Arithmetic is of great importance to most of us in our daily lives. Whether it is making calculations in connection with an occupation or working out the grocery bill most of us tend to use methods we learnt as children in school. But those methods are not the only ones available to us. The time and effort put to learning faster or easier to apply methods can be well worth while.
An over dependence on calculators means many students fail to develop their mental maths ability to the degree that they should. This can lead to problems of poor number sense, failing to see when an answer is of a totally wrong magnitude to be sensible,
Basic arithmetic is sometimes referred to as “social mathematics” because it is what most of us comes across in everyday life. When paying for groceries, reading reports on a survey in a newspaper or calculating how much you should be paid for two and a half hours work at a certain hourly rate we want to know how the figures work out. And when we are interested in the calculations concerned we usually have no great difficulty in working them out. A student beginning algebra may be confused when asked to do calculations involving variables like x and y, yet have no problem when asked to do the same calculation when the x is an ice-cream cone and the y a bar of chocolate. We can often put up mental road blocks based on some unfounded fear of maths for which there is no need. We can sometimes tell ourselves that we can not do sums in our heads. But we can. We do them all the time without being conscious of it. And like everything we can get better with a little practice. We can use little tricks or techniques for special cases.
Mental estimation techniques give us quick answers to everyday questions when we don’t need to know the answer to the last cent or decimal point. We estimate the answers to addition and subtraction problems by rounding, which can be useful when estimating the grocery bill. As each item is rung up, round it up or down to the nearest 50 cents.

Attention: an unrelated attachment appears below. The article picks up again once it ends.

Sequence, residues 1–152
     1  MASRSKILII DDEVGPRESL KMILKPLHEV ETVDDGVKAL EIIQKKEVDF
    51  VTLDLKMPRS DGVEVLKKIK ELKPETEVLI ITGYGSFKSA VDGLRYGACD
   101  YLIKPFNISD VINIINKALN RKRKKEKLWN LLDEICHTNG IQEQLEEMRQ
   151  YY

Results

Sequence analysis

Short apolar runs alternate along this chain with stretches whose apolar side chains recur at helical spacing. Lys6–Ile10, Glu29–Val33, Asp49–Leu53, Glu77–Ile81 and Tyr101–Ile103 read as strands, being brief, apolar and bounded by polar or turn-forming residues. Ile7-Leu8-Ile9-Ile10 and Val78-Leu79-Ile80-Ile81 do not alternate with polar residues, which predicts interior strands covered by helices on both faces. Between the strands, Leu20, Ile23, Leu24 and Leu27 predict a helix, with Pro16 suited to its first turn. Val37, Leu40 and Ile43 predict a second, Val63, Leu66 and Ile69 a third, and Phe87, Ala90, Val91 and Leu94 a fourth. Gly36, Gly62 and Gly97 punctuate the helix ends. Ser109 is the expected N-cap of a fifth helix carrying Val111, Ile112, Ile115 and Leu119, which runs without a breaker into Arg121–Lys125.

Most people will be able to multiply or divide by powers of 10 by moving a decimal point or adding zeros. If asked what is 100 times 55 they will quickly reply 5500 without much thought or effort. By playing around or experimenting with numbers and spotting patterns we can get many more such tricks, shortcuts, techniques or whatever you want to call them. Playing such mind games will in turn help you to become better at seeing patterns in numbers, and this is an important part of studying mathematics. If studying arithmetic or geometric progressions for example, it is often necessary to be able to spot the pattern that determines the next number in the sequence. Spotting patterns can often help simplify mental calculations. You will not always have a calculator with you, or may not always want to be seen to use it.
Shortcuts are most useful when they help with something you use often. There is not much point in putting a lot of effort into learning shortcuts to do things that you never use in practice. But for things that you do often they are well worth while.
Mental calculations involve using specific techniques created for solving specific types of problems, rather than memorizing the answers to equations. There are many techniques for doing rapid mental calculations, particularly if you look beyond what is normally taught in schools. Unfortunately if you do not use them often you are likely to forget most of them.
What is mental maths used for?
Mental maths is the process of doing mathematical calculations in your head, without the use of a calculator, or pen and paper. We do this in everyday life. For example: